My MIL and I were talking about parenting once. She mentioned, as she has before, how grateful she is that her grandchildren have such good mothers. She said it’s not a given, and that she is impressed with how we manage our charges, who range in ages and difficulty.
That said, I’m not her daughter, I didn’t grow up in her home, which means that her daughters and I sometimes parent differently. Not anything drastic, but there are battles that my SILs pick that I don’t. I mentioned that to my MIL, that there are some hills I’m just not willing to die on.
Then she asked me a question that I’m still thinking about, years later.
“What hills ARE you willing to die on?”
I had to sit and think about it. What are the things that are most important to me? What are the things I’m willing to fight with my kids about?
“Going to church”, I said. That was all I could come up with, mostly because at the time, it was the biggest battle I was having with my kids–they don’t want to go, they don’t want to bathe, they don’t want to put on church clothes, they don’t want to sit still in Sacrament meeting. And yet I push it, we battle, sometimes with tears on our way to the chapel (which, you know, makes for a SUPER spiritual Sabbath).
Now, we battle homework and piano practicing and bedtime and washing your hands after you pee and not spoiling your appetite with 2 dozen Oreos before dinner. But other than the normal routine nagging of parenting, I don’t know that I pick a lot of battles. My other MIL (yes, I have two–that’s another post entirely) has a favorite saying about parenting: Be careful which battles you pick with your children, because if you pick a battle, you have to win.
My kids are still young. Ages 9 and 3, so we’re not battling cell phones, dating, modesty, or serious academic issues. We’re not battling drugs, pornography, friends with bad influence, drinking.
Not yet, anyway. But I’m fully aware that someday in the future, probably much sooner than I’m comfortable with, these battles will land on my front door. How do I know which ones to pick?
I sat in an Institute class once where we were discussing the virtues of modesty. The predictable points were made, how you should establish modest dressing habits early, how girls need to know how boys are affected by the way they dress, and how they need to shun the styles of today, etc, etc, etc.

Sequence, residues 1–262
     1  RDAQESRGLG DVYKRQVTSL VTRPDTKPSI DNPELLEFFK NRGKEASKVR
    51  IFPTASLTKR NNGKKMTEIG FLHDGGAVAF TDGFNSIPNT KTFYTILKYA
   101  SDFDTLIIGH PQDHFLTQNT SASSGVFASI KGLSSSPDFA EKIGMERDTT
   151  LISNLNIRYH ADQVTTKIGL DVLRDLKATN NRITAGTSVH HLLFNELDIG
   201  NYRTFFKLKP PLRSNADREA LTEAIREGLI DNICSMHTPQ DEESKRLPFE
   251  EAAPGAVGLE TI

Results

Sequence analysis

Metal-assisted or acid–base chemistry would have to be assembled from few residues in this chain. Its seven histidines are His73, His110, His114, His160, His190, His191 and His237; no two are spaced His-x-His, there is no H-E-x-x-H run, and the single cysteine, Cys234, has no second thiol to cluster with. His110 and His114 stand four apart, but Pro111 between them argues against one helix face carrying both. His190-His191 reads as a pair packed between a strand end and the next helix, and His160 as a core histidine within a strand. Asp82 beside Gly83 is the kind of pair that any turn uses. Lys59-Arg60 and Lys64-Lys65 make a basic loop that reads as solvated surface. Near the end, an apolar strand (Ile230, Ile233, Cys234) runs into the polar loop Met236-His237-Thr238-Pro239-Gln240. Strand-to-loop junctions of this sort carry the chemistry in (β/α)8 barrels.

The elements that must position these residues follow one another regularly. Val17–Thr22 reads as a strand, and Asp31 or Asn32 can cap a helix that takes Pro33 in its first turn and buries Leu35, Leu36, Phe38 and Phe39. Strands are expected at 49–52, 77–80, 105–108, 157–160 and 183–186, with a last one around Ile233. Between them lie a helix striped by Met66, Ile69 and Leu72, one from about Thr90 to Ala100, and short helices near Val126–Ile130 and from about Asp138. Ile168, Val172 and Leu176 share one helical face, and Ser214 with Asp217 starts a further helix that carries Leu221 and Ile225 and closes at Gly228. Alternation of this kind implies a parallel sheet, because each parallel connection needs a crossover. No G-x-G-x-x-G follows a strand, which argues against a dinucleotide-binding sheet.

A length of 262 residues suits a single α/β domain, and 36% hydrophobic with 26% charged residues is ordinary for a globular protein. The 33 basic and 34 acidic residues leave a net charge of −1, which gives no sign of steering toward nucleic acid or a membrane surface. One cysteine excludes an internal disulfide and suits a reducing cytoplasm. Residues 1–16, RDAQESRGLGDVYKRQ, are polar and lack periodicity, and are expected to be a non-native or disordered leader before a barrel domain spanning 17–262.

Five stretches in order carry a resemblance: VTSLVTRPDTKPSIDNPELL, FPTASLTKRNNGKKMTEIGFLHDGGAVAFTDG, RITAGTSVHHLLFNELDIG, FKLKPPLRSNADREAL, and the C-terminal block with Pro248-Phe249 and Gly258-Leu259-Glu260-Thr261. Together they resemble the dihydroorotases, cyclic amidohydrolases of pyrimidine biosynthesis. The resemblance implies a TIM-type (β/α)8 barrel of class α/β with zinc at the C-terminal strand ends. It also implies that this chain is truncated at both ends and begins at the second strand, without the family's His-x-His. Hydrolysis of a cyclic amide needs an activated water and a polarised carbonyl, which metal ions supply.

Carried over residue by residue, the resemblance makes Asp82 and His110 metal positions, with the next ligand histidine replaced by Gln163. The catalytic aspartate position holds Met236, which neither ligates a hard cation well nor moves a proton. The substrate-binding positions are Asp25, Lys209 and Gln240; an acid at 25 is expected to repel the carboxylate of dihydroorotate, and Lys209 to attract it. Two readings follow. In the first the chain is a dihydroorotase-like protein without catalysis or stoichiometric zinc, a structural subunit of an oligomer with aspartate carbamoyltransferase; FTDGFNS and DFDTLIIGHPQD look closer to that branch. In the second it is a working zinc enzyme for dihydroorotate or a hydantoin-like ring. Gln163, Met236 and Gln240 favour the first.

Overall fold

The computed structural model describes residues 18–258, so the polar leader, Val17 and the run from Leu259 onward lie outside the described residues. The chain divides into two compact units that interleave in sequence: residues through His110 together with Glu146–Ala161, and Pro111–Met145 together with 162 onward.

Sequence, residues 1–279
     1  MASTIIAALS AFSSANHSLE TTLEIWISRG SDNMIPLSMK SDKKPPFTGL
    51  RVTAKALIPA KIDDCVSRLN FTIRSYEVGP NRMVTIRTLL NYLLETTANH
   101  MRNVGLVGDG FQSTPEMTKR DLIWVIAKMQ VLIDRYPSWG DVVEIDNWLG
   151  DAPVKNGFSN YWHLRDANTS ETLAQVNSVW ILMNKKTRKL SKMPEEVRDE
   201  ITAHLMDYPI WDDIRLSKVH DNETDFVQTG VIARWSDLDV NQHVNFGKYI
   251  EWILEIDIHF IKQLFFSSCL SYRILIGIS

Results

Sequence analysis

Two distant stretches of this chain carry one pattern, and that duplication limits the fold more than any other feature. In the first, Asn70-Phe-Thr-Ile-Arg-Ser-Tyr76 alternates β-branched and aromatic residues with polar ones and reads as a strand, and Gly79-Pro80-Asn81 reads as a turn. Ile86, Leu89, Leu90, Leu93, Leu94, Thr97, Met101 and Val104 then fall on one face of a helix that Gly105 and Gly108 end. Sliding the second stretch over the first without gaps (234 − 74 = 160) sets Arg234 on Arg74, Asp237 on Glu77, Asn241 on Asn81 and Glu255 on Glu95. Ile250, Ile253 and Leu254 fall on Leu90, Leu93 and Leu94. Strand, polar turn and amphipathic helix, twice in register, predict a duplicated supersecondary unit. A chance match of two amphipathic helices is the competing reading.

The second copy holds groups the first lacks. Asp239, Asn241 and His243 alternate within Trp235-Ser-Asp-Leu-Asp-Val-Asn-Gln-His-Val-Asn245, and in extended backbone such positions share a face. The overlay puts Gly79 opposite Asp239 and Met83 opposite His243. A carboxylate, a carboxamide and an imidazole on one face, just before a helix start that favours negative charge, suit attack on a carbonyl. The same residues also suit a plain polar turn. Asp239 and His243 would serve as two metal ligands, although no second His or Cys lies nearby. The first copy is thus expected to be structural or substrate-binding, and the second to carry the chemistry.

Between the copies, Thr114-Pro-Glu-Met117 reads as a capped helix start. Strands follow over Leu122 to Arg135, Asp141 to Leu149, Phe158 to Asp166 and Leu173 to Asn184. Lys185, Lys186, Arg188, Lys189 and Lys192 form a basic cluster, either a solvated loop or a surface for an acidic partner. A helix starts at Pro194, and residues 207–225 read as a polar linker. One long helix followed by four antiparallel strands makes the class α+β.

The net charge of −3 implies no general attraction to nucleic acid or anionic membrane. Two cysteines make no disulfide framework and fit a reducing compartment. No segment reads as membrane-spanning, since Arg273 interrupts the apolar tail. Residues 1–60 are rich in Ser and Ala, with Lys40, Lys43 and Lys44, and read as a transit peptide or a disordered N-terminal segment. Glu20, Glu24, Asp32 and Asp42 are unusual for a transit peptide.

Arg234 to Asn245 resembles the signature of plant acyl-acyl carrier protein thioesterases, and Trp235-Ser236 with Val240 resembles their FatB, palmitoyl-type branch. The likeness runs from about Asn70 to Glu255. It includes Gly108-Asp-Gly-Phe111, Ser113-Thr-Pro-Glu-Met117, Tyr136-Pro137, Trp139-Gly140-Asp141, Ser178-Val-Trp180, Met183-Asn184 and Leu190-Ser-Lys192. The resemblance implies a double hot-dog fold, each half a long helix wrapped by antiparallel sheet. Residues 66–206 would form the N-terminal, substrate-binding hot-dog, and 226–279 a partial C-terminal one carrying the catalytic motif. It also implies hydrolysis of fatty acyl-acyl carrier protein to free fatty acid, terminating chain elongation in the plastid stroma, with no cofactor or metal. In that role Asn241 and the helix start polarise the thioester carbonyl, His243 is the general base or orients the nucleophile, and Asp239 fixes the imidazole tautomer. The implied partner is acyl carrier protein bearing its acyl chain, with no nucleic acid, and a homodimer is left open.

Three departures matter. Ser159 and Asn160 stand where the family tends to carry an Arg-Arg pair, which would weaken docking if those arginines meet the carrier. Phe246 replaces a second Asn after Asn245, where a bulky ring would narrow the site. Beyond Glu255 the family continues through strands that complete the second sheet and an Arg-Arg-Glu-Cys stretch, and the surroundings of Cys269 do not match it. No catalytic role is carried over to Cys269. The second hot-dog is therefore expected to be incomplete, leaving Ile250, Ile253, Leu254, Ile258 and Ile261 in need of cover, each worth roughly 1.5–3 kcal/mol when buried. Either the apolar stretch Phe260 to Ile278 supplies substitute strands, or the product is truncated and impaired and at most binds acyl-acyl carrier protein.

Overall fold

I appreciated it when a mother of a teenage girl spoke up and said, “You know what? Our girls are really trying hard. It’s not easy to stay modest with today’s fashion. And my daughter came to me and asked if she could wear skinny jeans. I told her no, that they were too tight. And she started to cry. She said she was just trying to fit in, that she didn’t wear the immodest tank tops and the halter tops and the low jeans and whatever else girls wear today, that all she was asking was for cute jeans that still covered her backside so she could look like a 16 year old instead of a 40 year old mom. And you know what? I let her wear those jeans. It’s not like she was asking to wear those new JEGGINGS or anything!”
I silently applauded this mother for recognizing her daughter’s need, and for picking her battles: slutty top that shows cleavage, nay. Skinny jeans that everybody else is wearing that covers her butt, yay.
And I did neglect to reveal the fact that I have a pair of jeggings in my own closet, and that I think they make my legs look smokin’, thank you very much.
But I’m sure that other mothers in the room disagreed with her, that skinny jeans shouldn’t be a part of a modest girl’s wardrobe. These are mothers that are willing to die on that hill.
What hills are you willing to die on? How do you decide which battles to pick and which ones to let go? Do you find you are more willing to pick battles with certain members of your family, and have you picked battles with older children that you’ve decided aren’t worth it with the others?
I heard Julie Beck say once that we as mothers are “Lionesses at the Gate.” Tell me which battles you fight to protect the fortress of your home.